The town hall of Bruges as the Palace of Westminster Abbey and St Martin’s church in Ypres as Westminster Abbey are key features of the BBC’s new flagship drama series The White Queen which starts on Sunday. The drama which deals with life in the time of the Wars of the Roses was filmed in Belgium on account of its unspoiled medieval buildings.
Supported by a favourable tax regime Belgium has attracted British TV for a number of drama series requiring an authentic historic setting.
The White Queen tells the story of the women caught up in the conflict between the houses of York and Lancaster, with scenes set in Westminster Abbey, the Palace of Westminster and Bosworth Field. Th e BBC producers said that too many of England’s medieval buildings have been covered in satellite dishes, CCTV cameras and television aerials. Many other 15th century buildings were now in ruins, while the Belgians have maintained and restored theirs.
Max Irons, who plays King Edward IV, said: “The great thing about Belgium is that they really take care of their architecture, whereas, we in England have a tendency to stick CCTV cameras on classic buildings and paint the streets with white and yellow lines.”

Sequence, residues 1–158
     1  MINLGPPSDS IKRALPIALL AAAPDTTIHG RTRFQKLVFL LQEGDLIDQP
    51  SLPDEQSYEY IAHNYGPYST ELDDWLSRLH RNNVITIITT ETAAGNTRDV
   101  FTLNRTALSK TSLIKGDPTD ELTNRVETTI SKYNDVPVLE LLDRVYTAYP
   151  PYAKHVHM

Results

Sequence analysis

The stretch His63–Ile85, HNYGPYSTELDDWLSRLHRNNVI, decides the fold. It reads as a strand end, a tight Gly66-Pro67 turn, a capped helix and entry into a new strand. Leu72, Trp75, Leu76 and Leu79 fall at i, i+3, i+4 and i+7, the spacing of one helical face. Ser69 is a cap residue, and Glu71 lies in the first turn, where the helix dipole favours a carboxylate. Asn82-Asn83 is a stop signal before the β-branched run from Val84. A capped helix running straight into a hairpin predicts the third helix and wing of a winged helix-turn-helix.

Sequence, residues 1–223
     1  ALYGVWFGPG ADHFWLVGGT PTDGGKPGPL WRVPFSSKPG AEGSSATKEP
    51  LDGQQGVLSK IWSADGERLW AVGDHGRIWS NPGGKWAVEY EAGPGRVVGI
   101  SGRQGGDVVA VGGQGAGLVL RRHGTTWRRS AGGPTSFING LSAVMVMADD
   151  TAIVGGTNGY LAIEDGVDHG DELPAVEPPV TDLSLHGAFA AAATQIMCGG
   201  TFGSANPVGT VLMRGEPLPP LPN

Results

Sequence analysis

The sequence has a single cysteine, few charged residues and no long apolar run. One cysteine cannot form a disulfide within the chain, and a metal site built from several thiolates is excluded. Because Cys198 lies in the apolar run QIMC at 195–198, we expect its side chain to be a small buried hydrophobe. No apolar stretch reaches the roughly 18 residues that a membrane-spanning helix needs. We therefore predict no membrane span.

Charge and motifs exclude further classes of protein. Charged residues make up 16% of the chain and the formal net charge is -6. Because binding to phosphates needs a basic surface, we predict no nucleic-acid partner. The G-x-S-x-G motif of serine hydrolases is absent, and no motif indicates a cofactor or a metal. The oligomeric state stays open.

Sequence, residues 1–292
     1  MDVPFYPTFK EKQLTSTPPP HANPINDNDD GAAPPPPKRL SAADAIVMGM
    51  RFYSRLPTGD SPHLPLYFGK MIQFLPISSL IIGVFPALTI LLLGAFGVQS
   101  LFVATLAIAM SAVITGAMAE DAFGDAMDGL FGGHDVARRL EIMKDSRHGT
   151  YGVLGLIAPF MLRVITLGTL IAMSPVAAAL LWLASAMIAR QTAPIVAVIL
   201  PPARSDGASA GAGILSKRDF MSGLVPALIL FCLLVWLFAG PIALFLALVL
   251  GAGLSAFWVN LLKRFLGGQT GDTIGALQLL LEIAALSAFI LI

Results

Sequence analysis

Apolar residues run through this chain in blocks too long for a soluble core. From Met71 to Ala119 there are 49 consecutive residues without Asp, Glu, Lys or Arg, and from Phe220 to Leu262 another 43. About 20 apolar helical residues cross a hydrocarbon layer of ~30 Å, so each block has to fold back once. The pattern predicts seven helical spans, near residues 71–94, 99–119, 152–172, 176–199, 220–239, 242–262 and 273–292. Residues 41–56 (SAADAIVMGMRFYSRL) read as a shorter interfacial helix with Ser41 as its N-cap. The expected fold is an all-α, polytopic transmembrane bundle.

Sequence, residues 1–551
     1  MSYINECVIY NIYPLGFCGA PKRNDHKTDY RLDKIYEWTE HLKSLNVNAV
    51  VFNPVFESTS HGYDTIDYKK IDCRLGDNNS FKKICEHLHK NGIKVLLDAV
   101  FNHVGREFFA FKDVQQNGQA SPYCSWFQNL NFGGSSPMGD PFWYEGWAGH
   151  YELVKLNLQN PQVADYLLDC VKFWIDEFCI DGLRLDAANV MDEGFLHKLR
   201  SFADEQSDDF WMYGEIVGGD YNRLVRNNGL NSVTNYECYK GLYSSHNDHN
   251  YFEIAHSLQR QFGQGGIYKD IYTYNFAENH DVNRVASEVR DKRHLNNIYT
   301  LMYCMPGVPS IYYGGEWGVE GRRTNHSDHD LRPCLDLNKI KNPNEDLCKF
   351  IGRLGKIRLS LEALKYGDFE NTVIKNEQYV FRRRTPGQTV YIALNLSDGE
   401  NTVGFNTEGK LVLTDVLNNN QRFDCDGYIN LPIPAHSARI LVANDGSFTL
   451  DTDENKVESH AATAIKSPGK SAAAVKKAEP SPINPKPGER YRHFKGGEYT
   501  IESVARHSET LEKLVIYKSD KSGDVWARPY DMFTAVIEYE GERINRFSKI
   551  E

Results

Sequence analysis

Among the locations used are St Martin’s Cathedral in Ypres, which doubled as Westminster Abbey and Bruges town hall which served as the interior of the Palace of Westminster. The original palace was destroyed by fire in the 19th century, with only Westminster Hall left.
The 10-part series starting next Sunday is based Philippa Gregory’s bestselling historical novel series, The Cousins’ War.
Filming in Belgium started in September and lasted six months. In total, 250 sets were made to depict three weddings, two coronations and 12 state banquets over 20 years.